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Sukkos

Rabbi Eliyahu Hoffmann

Bullish Outlook

Sukkos is a unique Yom Tov in so many ways, one of which is its karbanos (ritual offerings). While the number of rams and sheep sacrificed on each of Sukkos' seven days remained constant (2 rams, 14 sheep), the bulls were offered in varying quantities. Specifically, 13 bulls were sacrificed on day one, 12 on the second day, 11 on the third day, and so on. Over seven days, 70 bulls were sacrificed.

Chazal, our Sages of blessed memory, offer a fascinating insight into the "diminishing bulls." There are, according to the Talmud (Sukkah 55b), seventy nations of the world. The seventy bulls correspond to those seventy nations, and it was in the merit of these bulls that the nations flourished and succeeded. Regarding this, the Midrash (Yalkut Shimoni, Bamidbar 684) quotes the verse (Tehillim/Psalms 109:4), "In place of my love - they hated me." "Rabbi Yehuda said: How foolish the nations are! They have lost, yet they know not what they have lost. When the Holy Temple stood, the Altar [with its seventy bulls] would bring them forgiveness. Now - who will bring them forgiveness? (Sukkah ibid.)"

Seemingly, the seventy bulls were a gesture of (largely unappreciated) generosity offered by the Jews on behalf of the nations. Yet Chazal (see Rashi, Bamidbar 29:18) also note that although the quantity of sheep (symbolizing the Jews) remained constant, the bulls were offered in diminishing quantities, which is a sign of weakness and vulnerability. How can we reconcile these two seemingly opposite ideas?

Perhaps both concepts are necessary: We wish the nations much success and prosperity. At the same time, we are concerned that their success and prosperity not "go to their heads," leading them to arrogance, pride, and irreverence, which can often be the precursor to anti-semitism. Therefore, we "weaken their resolve" by offering the bulls in diminishing quantities. Now that we have no Temple, the unparalleled prosperity of earlier days is no longer with us, nor them. On the other hand, nothing is left now to weaken their resolve and their natural inclination to hate the Jew for being different. (Need more be said?)

If we dig a little deeper, we may wonder why it is that Sukkos, among all the Yamim Tovim, was chosen to offer this token sacrifice on behalf of the nations?

Rav Aaron Kotler zt"l (Mishnas Rav Aaron vol.3 p.61) writes that he heard the following story from the holy Chafetz Chaim zt"l: In the times of the Gaon of Vilna, there was a famous convert, known as the Ger Tzedek (righteous convert) of Vilna. He came from an aristocratic family, and risked his life to become a Jew. He lived as a Jew in hiding for many years. By chance, however, he was recognized, and was taken prisoner and subjected to brutal torture in an effort to have him renounce his Judaism. But it was all for nought; the Ger Tzedek of Vilna had become a pious and committed Jew, and no amount of torture could change that. He was sentenced to death. Before putting him to death, his detainers had second thoughts about the brutal torture to which they had subjected him. They asked for his forgiveness. Otherwise, they feared, he would take his revenge in the World to Come.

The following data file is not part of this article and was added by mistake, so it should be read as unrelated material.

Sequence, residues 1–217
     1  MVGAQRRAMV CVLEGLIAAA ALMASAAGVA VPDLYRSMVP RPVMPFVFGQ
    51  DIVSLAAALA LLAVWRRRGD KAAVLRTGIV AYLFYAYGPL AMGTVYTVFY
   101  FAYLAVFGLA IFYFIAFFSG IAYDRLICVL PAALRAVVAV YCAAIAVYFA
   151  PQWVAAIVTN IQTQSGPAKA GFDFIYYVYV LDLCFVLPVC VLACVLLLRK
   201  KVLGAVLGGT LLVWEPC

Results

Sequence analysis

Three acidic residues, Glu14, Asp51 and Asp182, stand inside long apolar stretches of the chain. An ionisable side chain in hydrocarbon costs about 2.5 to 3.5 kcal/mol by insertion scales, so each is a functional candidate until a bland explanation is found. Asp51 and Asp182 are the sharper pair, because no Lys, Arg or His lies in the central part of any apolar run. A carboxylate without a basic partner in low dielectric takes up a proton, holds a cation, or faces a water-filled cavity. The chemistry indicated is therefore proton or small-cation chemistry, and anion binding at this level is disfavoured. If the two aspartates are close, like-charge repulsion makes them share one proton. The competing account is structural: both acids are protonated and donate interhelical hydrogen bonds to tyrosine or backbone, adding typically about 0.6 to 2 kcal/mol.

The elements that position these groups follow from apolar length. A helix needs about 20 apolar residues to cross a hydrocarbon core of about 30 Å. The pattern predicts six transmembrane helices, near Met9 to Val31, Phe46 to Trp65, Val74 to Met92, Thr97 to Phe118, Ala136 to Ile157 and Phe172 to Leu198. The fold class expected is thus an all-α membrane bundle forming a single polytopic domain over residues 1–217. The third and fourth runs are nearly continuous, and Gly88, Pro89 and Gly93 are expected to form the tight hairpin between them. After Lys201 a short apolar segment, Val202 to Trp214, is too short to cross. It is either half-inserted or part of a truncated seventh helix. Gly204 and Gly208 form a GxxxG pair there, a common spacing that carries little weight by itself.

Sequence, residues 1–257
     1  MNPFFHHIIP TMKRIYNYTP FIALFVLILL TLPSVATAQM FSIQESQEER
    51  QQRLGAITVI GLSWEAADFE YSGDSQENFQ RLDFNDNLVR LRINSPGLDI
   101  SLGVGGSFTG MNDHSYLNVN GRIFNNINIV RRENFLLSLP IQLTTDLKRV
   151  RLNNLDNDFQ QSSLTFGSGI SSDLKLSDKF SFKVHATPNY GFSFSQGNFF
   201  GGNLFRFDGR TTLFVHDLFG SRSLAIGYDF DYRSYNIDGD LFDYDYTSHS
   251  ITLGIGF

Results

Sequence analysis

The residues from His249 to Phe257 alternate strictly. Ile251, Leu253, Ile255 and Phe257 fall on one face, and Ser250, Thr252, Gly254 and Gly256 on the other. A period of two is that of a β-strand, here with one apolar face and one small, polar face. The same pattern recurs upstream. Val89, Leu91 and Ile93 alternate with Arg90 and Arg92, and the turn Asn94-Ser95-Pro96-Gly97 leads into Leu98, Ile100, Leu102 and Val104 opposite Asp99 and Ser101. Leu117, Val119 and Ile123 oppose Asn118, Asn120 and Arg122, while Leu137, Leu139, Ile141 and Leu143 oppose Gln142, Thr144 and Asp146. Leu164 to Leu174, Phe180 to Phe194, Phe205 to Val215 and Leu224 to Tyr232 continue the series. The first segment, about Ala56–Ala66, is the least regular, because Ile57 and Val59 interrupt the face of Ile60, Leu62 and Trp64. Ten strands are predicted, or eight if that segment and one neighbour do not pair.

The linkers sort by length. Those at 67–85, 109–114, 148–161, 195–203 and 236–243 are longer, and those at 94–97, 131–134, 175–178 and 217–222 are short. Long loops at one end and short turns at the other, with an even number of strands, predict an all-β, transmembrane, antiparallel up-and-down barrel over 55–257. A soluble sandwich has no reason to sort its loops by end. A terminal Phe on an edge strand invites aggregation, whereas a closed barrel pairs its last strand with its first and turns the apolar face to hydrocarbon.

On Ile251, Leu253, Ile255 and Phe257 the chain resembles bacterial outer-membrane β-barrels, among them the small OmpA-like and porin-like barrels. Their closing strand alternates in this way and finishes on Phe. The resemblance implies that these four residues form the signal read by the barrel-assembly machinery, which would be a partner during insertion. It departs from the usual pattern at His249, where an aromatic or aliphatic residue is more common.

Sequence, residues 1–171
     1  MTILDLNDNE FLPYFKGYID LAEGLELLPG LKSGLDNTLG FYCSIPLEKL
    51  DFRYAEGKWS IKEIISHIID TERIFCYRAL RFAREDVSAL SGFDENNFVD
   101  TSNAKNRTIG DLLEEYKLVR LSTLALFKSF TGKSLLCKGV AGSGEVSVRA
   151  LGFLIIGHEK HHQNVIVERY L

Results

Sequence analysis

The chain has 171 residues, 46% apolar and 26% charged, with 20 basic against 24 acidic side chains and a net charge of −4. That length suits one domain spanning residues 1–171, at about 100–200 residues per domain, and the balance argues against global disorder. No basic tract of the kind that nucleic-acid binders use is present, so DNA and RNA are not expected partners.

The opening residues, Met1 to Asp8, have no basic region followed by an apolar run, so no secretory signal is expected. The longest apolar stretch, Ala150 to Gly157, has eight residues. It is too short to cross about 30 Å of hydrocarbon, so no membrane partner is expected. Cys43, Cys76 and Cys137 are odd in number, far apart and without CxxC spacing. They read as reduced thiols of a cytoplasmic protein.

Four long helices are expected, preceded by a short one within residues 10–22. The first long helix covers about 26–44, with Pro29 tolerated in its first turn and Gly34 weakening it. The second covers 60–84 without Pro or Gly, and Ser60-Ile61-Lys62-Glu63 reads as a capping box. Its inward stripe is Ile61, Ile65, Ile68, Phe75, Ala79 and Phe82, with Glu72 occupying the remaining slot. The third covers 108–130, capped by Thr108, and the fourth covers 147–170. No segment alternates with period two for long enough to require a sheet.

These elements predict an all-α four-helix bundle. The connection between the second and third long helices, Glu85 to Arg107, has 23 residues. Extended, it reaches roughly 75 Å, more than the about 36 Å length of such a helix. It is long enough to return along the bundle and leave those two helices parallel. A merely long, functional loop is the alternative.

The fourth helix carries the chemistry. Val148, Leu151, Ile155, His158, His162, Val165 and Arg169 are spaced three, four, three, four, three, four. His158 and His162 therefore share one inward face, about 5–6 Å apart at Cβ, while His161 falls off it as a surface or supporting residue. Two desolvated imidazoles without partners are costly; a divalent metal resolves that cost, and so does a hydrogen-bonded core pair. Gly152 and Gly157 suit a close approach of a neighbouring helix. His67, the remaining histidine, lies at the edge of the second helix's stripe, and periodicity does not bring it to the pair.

"Let me tell you something," he told them. "It is written (Tehillim/Psalms 117:1-2), 'Praise Hashem all the nations - praise Him, all the states! For His kindness has overwhelmed us!' This seems contradictory: Why should the nations praise Hashem, if His kindness has overwhelmed us [i.e. the Jews]? (See Pesachim 118b which poses this question.) The answer, however, is simple. Right now, as things stand, it is impossible for me to forgive you for the barbaric and inhumane treatment you have given me. Yet worry not. Because after you kill me, my Jewish soul will ascend on High, and I will be so overwhelmed by the Almighty's kindness and love, that it will no longer be possible for me to bear a grudge against you. To the contrary, for every beating you gave me, I will experience infinite bliss and light in the World to Come!"

Rav Kotler explains: Sukkos is a period of extreme joy in the Jewish calendar. We sinned, we were judged, we were forgiven, and we've been given an invitation into the Almighty's private tent. In many ways, it must not have been easy for the Jews to offer sacrifices on behalf of the nations. These are the same nations that have persecuted, victimized, and exploited our nation for millennia. And now we are to beseech Hashem and offer sacrifices on their behalf? So Hashem says: First come into My tent. Sleep in My shelter. Let us rejoice together. And then, once you have come to feel My great love for you, you will be able to wholeheartedly do what needs to be done on their behalf, offering love in the place of hatred.

While there may be those who decry the aggression and militancy of our nation, the truth is obvious and self-evident. We are a peace loving nation. All we ask for - all we have ever asked for - is to be allowed exist as Jews, and serve Hashem in peace. In these difficult times, we beseech the Almighty that the moment may come that we may once again offer sacrifices on behalf of ourselves, and on behalf of the nations of the world; that we be so overwhelmed by His kindness, love, and goodness, that the bitterness and resentment in our hearts will cease to be recognizable. Ba'agalah u-vi'zeman kariv - may it come speedily, in our days.

Have a good Shabbos, and a joyous Sukkos!

****** This week's publication is sponsored by Mr. and Mrs. Mayer Heiman. ******


Text Copyright © 2000 Rabbi Eliyahu Hoffmann and Project Genesis, Inc.



 






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